All those broken trees, maimed or outright killed beneath that weight of beautiful novelty spring snow (just two weeks back)… they remind me of The Ice Storm — monstrous, momentous event that pivoted my life-thinking right-way-’round. Biggest ice storm I ever encountered. Or drove — madness on two-inch-thick slush-freeze.
A hundred feet down the road from my driveway, tense, I called myself crazy, started looking for a turn-around place.
…But God had said go, it had certainly seemed. And the previous night’s tires through rain-and-snow glop had left a ragged fast-frozen groove from which I now could not easily escape.
So on I drove. And prayed… first for a turn-around, somehow, and safe return home. Then, at last, with realization, and a sigh:
“Well, Lord, if you want me there, You’ll get me there…”
And I continued on…
And suddenly it got easy: On without incident, slip, slide, or crash, through an Ice World dream, a crystal whitened Dali painting kind of world, coated everywhere: lawns, driveways, trees, signs, houses, and parked cars — anything bendable bowed down, doubled-over humble, contorted, looking melted inside a hard cold crust.
Roadside trees joined hands overhead, forming great iced-branch tunnels, and I traveled through.
Ice all around mirrored sunlight’s glare, dazzling my eyes till they watered and blurred…
And every now and then I could hear it: A “Cr-ack!” Another branch breaking beneath its burden. And in the light my thoughts turned dark, as they’d been running of late.
Bitter near-despair had been weighing on my heart, and seemingly on my whole body. I felt grotesquely bent like those trees imprisoned in frozen wash, distorted and breaking and maybe marred forever.
“This whole rolling scene, it’s like my life,” I murmured within myself, “All sparkly-shiny on the outside, but bent and broken and crippled inside.” So ran my thoughts as I pulled into the unplowed parking lot, and my tires crunched through the snow’s ice crust, making me wonder if I’d get out later.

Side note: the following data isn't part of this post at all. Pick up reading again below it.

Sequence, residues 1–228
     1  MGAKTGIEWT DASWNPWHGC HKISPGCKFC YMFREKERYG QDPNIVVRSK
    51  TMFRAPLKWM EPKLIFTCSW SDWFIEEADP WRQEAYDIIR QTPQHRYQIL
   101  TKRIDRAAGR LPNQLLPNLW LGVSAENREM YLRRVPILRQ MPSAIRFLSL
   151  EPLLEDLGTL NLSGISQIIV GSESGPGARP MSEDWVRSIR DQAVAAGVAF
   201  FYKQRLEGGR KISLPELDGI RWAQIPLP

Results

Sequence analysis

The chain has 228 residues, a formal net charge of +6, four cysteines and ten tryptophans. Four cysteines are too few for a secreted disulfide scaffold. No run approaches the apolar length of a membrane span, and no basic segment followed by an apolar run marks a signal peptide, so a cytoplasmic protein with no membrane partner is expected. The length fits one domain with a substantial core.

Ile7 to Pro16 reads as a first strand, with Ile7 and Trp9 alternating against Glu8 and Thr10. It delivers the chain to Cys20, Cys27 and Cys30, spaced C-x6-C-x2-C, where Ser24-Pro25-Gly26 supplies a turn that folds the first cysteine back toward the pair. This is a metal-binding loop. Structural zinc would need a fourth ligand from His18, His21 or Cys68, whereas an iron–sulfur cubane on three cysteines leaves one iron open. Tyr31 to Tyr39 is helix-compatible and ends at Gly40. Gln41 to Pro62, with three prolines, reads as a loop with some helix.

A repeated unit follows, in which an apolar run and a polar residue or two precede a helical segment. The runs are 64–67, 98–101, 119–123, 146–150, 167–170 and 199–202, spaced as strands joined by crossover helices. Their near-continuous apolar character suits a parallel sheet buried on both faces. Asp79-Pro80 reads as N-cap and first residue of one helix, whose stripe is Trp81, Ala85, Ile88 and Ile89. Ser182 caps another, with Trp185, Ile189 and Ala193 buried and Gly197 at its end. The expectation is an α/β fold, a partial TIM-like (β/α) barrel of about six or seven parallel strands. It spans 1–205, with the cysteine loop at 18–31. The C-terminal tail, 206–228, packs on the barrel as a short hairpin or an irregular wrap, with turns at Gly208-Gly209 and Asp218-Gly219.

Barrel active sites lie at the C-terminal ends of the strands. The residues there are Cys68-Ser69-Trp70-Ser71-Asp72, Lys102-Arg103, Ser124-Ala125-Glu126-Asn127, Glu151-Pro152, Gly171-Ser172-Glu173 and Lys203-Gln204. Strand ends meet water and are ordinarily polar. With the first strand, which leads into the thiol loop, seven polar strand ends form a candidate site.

I parked. I sat. All alone in an empty lot. Was the door up there, at the top of those slippery steps even unlocked?
“You wanted me to come here, Lord?”
Oh, well. I’d give it a try. And so I emerged from my shell, slip-slid my way up to the entrance, and… yes. It opened. I went in and sat.
And in the silence I perceived the Presence that is everywhere, unseen. And the sense that yes, I was meant to be here this day, even if no one else showed up, if only for this peace, which I so badly needed.
Soon one or two trickled in, then another few. Of what we shared I remember little. But what I do remember changed my world.
“I love the snow!” the woman declared — the woman who’d managed to slip-slide-walk from up the highway, the woman from whom tragic death had recently stolen a son. She paused. Her eyes were glowing. “I know that trees are getting damaged. But, oh, it is so beautiful!”
She paused again, then added, “We all have ice storms in our lives. It’s just interesting to see what different people do with theirs.”
My own thoughts, turned topsy-turvy! Like they needed to be.